How Out-of-Control Credit Markets Threaten Liberty, Democracy and Economic Security
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Editor's Note: When harmful beliefs plague a population, you can bet that the 1% is benefiting. This article is part of a new AlterNet series, "Capitalism Unmasked," edited by Lynn Parramore and produced in partnership with author Douglas Smith and Econ4 to expose the myths and lies of unbridled capitalism and show the way to a better future.
The awful experience of the Great Depression made clear to many economists and laymen alike that credit is at the heart of a functioning capitalist system. Without access to credit, many businesses die and many individuals and households run out of money and go bankrupt.
Yet in popular media accounts from the Great Depression, the focus is almost always on the stock market and the Great Crash of 1929. You hardly ever hear that it was the contraction of credit and the seizing up of credit markets that made the Great Depression so traumatic.
In 1932, Hoover acknowledged the importance of credit to a crowd in Des Moines, Iowa: "Let me remind you that credit is the lifeblood of business, the lifeblood of prices and jobs." He was right about the vital part credit plays in the economy. But he got a whole lot else wrong. His speech was part of a campaign of anti-foreigner rhetoric designed to insulate himself from blame for America's economic depression building on his watch.
In his Des Moines address, Hoover cited the strangulation of credit caused by "foreign countries" which "drained nearly a billion dollars of gold and a vast amount of other exchange from our coffers." The president further blamed "some of our own people who, becoming infected with world fear and panic, withdrew vast sums from our own banks and hoarded it from the use of our own people." That's why the Great Depression happened, Hoover said.
Hoover was way off about who and what was at fault. He had been told so a year earlier in 1931, when he tried to blame the depression on a lack of liquidity and proposed that the government make funds available to banks to alleviate their liquidity problems.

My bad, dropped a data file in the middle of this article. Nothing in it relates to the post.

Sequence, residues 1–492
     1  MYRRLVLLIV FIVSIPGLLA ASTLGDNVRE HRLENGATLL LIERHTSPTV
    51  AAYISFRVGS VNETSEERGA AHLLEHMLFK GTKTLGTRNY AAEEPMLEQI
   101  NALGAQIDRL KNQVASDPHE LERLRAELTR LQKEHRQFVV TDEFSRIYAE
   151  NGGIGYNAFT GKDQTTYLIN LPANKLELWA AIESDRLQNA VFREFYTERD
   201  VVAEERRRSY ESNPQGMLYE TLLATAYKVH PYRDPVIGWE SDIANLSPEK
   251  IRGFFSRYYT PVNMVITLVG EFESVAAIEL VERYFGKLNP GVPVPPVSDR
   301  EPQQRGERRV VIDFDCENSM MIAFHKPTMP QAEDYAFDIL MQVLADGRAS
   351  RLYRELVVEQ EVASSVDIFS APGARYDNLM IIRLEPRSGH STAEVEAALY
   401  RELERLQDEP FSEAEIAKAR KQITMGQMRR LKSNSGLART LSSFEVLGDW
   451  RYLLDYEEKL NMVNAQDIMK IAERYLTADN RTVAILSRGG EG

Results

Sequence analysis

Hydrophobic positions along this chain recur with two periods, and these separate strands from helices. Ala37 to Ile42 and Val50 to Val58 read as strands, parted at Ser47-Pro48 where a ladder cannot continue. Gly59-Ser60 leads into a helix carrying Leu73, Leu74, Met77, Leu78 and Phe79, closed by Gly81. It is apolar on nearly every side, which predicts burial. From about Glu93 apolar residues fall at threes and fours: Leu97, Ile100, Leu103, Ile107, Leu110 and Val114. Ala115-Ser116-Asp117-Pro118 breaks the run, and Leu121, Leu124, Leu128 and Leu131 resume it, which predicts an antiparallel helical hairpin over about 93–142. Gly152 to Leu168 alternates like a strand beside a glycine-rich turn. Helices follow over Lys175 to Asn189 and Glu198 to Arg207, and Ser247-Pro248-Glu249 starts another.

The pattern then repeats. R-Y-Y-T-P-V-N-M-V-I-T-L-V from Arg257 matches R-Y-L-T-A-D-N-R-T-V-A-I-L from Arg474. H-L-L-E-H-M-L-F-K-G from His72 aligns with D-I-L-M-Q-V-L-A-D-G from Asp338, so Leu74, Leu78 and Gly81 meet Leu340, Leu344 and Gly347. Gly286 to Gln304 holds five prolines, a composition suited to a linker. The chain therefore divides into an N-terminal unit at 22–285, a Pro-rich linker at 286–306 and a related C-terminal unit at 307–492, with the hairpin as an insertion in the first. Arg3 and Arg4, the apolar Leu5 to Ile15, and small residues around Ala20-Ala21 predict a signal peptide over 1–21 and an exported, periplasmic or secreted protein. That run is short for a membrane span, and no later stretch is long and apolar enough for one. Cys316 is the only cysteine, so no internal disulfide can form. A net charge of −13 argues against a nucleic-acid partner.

The response from an official at the New York Fed:
"…In this district, where I happen to be more familiar with the situation than in other sections of the country, the principal cause of bank failures has not been a lack of liquidity but rather insolvency caused by need for a drastic write-off in bond portfolios. In other districts, I understand, many banks are threatened with insolvency because of losses in real estate loans as well as bonds."
Sound familiar? It should. We've been dealing with many of the same problems in the current banking era.
During the Great Depression, Hoover just let the big financial institutions go under, causing credit to contract much further. That mistake has taught us what mass bank failures can do and has conditioned us to avoid them. Unfortunately, we have made our own mistake this time around. Like the banks of the earlier era, today's banks have risked insolvency because of their reckless real estate loans and bond exposure. By perpetrating the Great Bailout, we have allowed our largest banks to escape any repercussions for their recklessness and get off virtually scot-free.
The big banks created the mortgage-backed securities, the credit default swaps, and a hundred other dangerous derivative products that blew up the global financial system and the world economy with it. The big banks created the Byzantine maze of interconnections that made them too big to fail. The big banks created the disgraceful mortgage system that continues to wrongfully charge erroneous nonexistent fees and wrongfully foreclose on homeowners.